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The Value Of Teaching Values Through Literature

The Value Of Teaching Values Through Literature

Posted by Mary Collins on Jan 19th 2019

More than any other classroom teachers, those of us who teach literature have a golden opportunity to teach our students values: things like integrity, respect, ethics, morality, and tolerance. So why don't we?

In this age of political correctness, when everyone is afraid to say anything that might be the least bit offensive to anyone, our values are being lost, which is one of the first steps in the breakdown of a society. As the teachers of the citizens of our society, it is our responsibility, our duty, to teach our students how to uphold the moral fabric that is the glue of civilization.

Contrary to the behavior of many of our political leaders and cultural celebrities, some things are still "right" and "wrong" to do. Telling lies is wrong. Cheating is wrong. Deliberately hurting other people is wrong. Being respectful is right. Having personal integrity is right. Being tolerant and understanding is right. Loving is right. Hating is wrong. You know the list (I hope).

In the world of fiction, we can explore and evaluate behaviors without pointing the finger at real people. We can evaluate characters' words and actions and hold them up to a moral or ethical compass to see if the words and actions are "right" or "wrong." And, yes, some things--a lot of things--fall in between, being varying degrees of one or the other. But by analyzing the circumstances and discussing the specific situations in historical and social contexts, we can teach our students how to evaluate people's words and actions. 

Then don't forget to take the step of application. Unless we discuss what we learn from evaluating the characters' words and actions, and how that applies to us personally, we haven't really taught anything but analytical skills. Sometimes we assume students will make the connection...but that is not a good assumption to make, even if the connection is obvious to us. We have to drive home the point through our discussions and assignments.

Ask questions: 

  • What would you have done in this situation?
  • What effect did Character A's words have on Character B? How would you feel if Character A had said that to you?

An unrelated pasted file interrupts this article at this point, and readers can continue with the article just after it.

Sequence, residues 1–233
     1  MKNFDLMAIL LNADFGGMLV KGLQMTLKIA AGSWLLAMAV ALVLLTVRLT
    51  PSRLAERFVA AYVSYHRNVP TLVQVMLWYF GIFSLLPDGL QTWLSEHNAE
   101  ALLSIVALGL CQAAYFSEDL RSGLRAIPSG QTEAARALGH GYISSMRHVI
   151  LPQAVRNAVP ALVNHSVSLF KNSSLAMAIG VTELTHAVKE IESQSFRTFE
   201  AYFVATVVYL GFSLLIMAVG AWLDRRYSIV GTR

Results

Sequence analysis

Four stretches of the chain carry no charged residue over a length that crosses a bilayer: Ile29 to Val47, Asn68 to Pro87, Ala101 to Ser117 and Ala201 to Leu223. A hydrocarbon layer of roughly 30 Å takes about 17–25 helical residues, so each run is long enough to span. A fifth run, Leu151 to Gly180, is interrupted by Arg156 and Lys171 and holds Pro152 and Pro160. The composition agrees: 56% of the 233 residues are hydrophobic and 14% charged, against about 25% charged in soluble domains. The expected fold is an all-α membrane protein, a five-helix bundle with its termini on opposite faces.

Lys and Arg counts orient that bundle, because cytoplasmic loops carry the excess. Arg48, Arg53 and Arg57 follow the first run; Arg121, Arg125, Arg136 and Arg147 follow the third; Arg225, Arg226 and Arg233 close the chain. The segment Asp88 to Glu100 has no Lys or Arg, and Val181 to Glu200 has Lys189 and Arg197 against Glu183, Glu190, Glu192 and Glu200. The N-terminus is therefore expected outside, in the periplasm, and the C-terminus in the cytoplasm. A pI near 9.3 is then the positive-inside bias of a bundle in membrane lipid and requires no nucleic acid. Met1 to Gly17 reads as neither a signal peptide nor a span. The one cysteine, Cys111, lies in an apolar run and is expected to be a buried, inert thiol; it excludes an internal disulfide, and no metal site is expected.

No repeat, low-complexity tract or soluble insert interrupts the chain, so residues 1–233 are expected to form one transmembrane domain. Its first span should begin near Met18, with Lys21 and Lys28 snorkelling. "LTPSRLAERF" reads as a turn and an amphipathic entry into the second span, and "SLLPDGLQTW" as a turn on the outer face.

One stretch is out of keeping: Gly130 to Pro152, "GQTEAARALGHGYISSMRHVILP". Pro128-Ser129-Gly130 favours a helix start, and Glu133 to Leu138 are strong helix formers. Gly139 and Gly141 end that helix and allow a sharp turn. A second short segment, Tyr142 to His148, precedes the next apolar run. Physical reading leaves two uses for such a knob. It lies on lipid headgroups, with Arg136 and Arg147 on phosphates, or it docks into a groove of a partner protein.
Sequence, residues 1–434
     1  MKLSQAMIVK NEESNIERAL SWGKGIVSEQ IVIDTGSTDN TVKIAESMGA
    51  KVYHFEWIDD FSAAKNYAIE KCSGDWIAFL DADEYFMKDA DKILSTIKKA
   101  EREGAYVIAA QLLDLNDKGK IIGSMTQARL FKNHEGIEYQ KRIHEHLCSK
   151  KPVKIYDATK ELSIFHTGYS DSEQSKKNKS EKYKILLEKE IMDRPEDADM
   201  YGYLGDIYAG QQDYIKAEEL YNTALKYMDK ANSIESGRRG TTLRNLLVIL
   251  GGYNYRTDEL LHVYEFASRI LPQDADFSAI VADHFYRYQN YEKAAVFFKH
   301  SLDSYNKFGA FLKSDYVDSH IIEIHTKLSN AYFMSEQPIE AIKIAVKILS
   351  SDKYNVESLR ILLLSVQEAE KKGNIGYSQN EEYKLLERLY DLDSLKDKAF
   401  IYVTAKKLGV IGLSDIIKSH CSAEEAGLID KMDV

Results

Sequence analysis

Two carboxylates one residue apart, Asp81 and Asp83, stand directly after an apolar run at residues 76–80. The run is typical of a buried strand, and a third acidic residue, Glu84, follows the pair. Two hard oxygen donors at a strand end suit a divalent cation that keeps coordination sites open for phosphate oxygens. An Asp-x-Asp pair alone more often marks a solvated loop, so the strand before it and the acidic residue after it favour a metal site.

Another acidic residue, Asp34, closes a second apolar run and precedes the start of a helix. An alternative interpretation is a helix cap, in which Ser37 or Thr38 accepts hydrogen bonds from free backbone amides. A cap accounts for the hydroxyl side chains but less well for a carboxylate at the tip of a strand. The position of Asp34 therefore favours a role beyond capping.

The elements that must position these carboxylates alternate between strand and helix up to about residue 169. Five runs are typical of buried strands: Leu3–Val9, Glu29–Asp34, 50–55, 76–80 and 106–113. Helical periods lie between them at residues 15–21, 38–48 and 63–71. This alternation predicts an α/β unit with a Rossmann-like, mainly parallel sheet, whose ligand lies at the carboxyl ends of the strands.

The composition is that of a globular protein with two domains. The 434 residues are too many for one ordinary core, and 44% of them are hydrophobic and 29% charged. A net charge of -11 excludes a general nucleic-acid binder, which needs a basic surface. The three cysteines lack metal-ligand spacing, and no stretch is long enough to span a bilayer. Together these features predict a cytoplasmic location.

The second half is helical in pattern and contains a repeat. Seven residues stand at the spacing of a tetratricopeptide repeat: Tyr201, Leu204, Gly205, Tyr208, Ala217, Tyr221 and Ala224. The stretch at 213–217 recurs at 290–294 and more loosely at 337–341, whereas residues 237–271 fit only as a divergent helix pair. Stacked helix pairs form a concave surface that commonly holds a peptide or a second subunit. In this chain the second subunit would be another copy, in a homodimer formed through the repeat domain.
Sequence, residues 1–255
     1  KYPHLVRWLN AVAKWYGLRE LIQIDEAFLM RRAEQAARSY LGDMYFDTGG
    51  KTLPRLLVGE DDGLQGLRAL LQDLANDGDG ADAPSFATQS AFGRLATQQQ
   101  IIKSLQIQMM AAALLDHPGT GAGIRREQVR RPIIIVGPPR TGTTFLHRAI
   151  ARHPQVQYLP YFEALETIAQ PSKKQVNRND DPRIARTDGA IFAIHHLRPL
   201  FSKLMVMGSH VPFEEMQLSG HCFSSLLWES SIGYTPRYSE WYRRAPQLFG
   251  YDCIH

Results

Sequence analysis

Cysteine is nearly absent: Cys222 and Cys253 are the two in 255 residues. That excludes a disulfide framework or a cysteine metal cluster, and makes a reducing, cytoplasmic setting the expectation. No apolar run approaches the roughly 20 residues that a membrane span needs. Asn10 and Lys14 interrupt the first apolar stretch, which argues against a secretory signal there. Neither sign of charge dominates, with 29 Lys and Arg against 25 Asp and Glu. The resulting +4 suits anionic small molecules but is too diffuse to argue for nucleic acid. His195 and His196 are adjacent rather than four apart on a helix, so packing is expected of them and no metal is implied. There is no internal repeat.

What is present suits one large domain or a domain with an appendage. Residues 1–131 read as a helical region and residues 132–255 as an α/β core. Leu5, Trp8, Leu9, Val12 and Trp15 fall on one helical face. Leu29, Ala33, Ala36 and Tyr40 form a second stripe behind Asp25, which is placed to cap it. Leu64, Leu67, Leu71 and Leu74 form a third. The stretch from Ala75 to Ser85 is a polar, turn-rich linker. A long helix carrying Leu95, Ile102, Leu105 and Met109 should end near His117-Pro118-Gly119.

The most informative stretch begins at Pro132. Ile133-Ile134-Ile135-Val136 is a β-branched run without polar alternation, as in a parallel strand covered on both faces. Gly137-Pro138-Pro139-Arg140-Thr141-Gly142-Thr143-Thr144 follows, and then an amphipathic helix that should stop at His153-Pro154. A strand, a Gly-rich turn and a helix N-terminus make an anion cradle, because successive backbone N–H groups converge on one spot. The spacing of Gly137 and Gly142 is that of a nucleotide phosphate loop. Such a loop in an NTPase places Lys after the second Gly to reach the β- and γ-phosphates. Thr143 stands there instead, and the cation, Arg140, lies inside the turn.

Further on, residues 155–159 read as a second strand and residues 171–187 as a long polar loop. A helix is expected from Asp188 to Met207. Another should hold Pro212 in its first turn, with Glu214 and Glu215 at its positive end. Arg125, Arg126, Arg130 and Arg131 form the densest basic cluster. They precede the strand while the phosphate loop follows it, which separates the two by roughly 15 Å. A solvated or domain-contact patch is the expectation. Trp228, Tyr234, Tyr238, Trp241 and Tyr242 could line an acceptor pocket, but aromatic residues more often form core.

• What would you have said or done? 
  • What could Character A have said (or done) that would have been better? Would you have said (or done) that?
  • Can you think of any time you have been in a similar situation? What did you say (or do)? How do you feel about that now looking back at the situation? Do you think it was it the "right" thing to do or not?

Sometimes students have strong opinions they won't want to share in a public, classroom discussion. Writing assignments and journaling are good ways to get students to think and share without feeling exposed. Some students would respond in small groups or with a partner instead of in front of the whole class. Consider the threat level of the discussion and the make-up of your class when deciding how to approach the application process.

Don't be afraid to discuss why it is important to be truthful, ethical, and moral--why it is important to have values. In our "me-driven" society--where everything seems to be about me and my social media, my selfies, my desires, my goals, my life, my drama--we need to attempt to swing the pendulum back a little bit towards the "we-driven" society--where we consider the well-being of others and of our society, not just ourselves.

Even when we teach "reaching out" to help others, it sometimes turns into "look at me, what I'm doing to help this other person." Here's my picture on social media of me helping someone. Look at the award I got for participating in this project that helps others. Look at this list on my college resume, showing all the good things I have done. It becomes about collecting "good" trophies instead of simply being a person of integrity with values.

I often point to the book Stargirl by Jerry Spinelli as a book every middle school student should read. The reasons why I recommend it are that Stargirl is an independent thinker, she is herself, she is kind and giving and ethical and humble. She does things for people for the sake of making other people's lives happier, not for her own self-promotion. What a wonderful role model for middle school students. 

I encourage you to find books that promote values, and find ways to promote values in required books that seem to have no possibilities for that. 

With so many of our students' families and home lives in such a mess, with students being babysat from birth by television shows that have laugh tracks when people say bad words, mean things, and lies, and with Sunday School being a foreign thing to most students, we need to pick up the slack and teach values before this precious glue of our civilization disintegrates, leaving us with an every-man-for-himself culture where the only "right" or "wrong" is what gets "me" what I want or accomplishes "my" goals. You can make a difference.